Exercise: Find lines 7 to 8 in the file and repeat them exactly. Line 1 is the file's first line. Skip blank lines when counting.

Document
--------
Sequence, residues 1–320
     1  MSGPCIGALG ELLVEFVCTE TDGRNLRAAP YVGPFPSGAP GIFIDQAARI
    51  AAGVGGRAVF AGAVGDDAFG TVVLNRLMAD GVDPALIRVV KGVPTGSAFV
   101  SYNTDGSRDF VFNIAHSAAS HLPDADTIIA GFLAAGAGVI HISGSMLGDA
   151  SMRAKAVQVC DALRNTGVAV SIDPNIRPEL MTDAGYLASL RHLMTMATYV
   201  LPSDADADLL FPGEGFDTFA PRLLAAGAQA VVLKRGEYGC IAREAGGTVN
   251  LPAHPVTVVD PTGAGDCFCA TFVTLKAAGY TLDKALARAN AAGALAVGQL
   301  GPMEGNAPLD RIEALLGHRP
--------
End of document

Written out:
   251  LPAHPVTVVD PTGAGDCFCA TFVTLKAAGY TLDKALARAN AAGALAVGQL
   301  GPMEGNAPLD RIEALLGHRP